Radioactive Review

Reviews Films


Marie Curie, as the world knows her, was born Maria Sklodowska in Warsaw in 1867. She came from a family who strongly believed in education. Her mother was a secondary-school teacher and her father, a physics tutor, gave her scientific training. She was a brilliant student who went to Paris to study physics and the mathematical sciences. There, she met Pierre Curie, Professor in the School of Physics and they were married in 1895.

Marie and Pierre were inspired by Henri Becquerel’s recent discovery of radioactivity and created a scientific partnership to discover more about it. They laboured in cramped and poor laboratory premises. Here they crushed tons of the mineral pitchblende by hand and refined it, eventually isolating the chemical elements radium and polonium. This won Marie and Pierre the 1903 Nobel Prize for Physics. Exposure to the radioactivity of the elements they discovered, affected their health and eventually killed Marie. Not a spoiler, this is a well-known historical fact.

Marie Curie is an icon of science for furthering our knowledge into radioactivity. For the last century, she has been an inspiration for women in science. She is a major historical figure and clearly deserving of a biopic. There are, in fact, three other movies that have attempted to tell Curie’s story. MADAME CURIE (1943) starring Greer Garson, LES PALMES DE M. SCHUTZ (1997) starring Isabelle Huppert and MARIE CURIE: THE COURAGE OF KNOWLEDGE (2016) starring Karolina Gruszka.  RADIOACTIVE is the first English language version of the story since the 1943 film.

Unfortunately, RADIOACTIVE is not a particularly engaging nor insightful biography. The performances of the lead roles are fine; Rosamunde Pike is solid as Marie and Sam Riley does good work as Pierre. The story-telling itself is where the problem lies. The scenes that are dramatised to show the various aspects of Marie’s life such as her Polish girlhood, the struggles with France’s scientific establishment, the relationship with Pierre and her role as a parent, don’t knit together as a narrative. The choice has been made to jump backward and forward within Marie’s timeline and then to intertwine it with future scenes not directly connected to her biography. Thus, we are shown how radioactivity affected people in future events like the atomic bomb dropped on Hiroshima and the nuclear accident at Chernobyl.

Director Marjane Satrapi, working from a Jack Thorne screenplay, has numerous scenes employing deliberately non-naturalistic visual techniques. More than once, there is a montage where the light of the sun, or electric lamps, and the movement of people, or atoms, is linked and soundscaped to move us beyond mundane linear events and into an artistic expression of the power of radioactivity. This comes off as confusing rather than enlightening or inspiring, more like music video than something greater.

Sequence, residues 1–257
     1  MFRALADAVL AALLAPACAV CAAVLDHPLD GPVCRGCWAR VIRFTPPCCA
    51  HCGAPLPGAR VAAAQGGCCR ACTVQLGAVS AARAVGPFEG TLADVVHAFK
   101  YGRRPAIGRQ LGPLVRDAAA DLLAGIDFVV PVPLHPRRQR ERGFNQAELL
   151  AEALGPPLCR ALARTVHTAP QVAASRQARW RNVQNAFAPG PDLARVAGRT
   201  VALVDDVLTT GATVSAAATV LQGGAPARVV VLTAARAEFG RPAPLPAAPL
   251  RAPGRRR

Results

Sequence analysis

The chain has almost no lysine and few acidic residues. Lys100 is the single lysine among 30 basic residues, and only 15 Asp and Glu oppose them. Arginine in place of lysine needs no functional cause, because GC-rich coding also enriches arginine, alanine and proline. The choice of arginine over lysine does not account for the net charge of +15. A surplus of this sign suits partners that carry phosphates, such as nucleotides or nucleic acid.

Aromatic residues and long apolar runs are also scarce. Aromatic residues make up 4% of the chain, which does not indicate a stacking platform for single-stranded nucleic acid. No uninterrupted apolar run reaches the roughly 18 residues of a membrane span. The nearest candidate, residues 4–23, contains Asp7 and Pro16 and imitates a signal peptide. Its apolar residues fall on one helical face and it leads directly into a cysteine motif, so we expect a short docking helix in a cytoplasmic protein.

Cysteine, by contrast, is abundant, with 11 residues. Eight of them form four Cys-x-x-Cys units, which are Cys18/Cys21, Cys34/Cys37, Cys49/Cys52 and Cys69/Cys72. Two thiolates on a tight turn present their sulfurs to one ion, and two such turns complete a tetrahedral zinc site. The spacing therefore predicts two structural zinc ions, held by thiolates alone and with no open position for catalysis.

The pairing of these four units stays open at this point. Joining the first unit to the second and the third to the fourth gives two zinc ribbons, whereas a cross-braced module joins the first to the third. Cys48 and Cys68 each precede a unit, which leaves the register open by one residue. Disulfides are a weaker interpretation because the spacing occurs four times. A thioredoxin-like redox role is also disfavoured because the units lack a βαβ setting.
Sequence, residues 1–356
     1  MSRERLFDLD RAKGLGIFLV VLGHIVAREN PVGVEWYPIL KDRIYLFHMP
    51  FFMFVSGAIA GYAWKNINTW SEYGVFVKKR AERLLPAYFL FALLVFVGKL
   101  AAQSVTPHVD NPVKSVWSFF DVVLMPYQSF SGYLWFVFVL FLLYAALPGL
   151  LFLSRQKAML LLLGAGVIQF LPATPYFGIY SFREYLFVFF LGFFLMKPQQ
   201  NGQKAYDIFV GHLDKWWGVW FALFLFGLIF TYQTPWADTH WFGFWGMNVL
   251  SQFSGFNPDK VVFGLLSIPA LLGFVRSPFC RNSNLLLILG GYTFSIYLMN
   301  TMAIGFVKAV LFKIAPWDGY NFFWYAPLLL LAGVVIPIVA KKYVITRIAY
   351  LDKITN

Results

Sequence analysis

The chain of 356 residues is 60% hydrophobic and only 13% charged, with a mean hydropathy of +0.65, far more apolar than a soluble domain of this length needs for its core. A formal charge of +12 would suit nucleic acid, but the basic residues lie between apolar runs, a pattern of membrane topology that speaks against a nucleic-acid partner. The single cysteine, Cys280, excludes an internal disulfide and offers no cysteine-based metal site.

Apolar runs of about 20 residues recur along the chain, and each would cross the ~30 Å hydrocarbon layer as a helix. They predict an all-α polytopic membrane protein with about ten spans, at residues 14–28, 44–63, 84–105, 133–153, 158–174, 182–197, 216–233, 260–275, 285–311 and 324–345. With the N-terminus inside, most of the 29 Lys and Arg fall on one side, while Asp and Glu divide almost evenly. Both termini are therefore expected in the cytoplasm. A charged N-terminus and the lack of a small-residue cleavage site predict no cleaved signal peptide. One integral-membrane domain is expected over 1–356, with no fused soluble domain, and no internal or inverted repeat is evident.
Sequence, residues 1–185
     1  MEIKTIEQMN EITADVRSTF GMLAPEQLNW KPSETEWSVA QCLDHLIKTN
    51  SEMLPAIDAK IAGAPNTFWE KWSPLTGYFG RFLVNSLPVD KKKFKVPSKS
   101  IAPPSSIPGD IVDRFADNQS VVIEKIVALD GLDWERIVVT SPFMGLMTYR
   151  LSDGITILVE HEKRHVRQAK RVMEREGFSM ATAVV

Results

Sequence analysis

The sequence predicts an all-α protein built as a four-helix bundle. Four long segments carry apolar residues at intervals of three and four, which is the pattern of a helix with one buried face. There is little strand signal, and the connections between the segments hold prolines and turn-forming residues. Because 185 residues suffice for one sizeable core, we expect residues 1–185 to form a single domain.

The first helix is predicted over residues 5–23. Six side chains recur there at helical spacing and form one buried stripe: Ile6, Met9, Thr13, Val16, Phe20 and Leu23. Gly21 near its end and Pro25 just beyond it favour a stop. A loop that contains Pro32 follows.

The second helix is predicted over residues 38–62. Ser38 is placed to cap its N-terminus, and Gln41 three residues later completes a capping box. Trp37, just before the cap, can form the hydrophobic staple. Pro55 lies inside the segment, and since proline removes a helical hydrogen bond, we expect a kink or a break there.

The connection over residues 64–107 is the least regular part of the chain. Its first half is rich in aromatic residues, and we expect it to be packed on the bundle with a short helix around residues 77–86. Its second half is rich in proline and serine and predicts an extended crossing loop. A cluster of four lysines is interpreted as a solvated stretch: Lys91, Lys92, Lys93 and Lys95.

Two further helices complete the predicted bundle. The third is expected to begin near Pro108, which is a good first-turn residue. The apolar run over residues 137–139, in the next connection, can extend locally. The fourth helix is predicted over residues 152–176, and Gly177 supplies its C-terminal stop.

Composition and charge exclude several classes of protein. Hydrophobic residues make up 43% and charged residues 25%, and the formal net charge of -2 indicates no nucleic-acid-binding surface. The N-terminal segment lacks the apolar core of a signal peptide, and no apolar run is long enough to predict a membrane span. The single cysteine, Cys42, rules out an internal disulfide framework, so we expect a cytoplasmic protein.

The film is adapted from the Lauren Redniss book Radioactive: Marie & Pierre Curie: A Tale of Love and Fallout and this seems to be the springboard for the visuals. The book is an artistic graphic novel that has been feted by critics for the beauty of its illustrations and the depth and breadth of where the story travels. Given Marjane Satrapi’s own work as a cartoonist and illustrator, who brilliantly adapted her graphic novel Perseopolis into an animated film in 2007, it seems likely that she was seeking a way to transfer the unusual power of Radioactive the book into a movie that is much more than a realistic drama. Unfortunately, the experiment doesn’t work.

Because of the talents involved some of the scenes have an emotional depth, this is particularly in the later World War 1 section. There are interesting moments where Curie is dealing with adverse publicity after revelations about her private life. The idea is examined that this taught her how to use her fame as political influence, but this is quickly dropped. We get some sense of who Marie Curie was and what she did; the film delivers us glimpses of her extraordinariness, but overall there are too few of these.

RADIOACTIVE runs for 109 minutes. Rating (5.5/10)

Phil has written for magazines, corporate videos, online ads, and even an app. He writes with one eye on the future, one eye on the past and a third eye on the Lotto numbers. His social bits are here.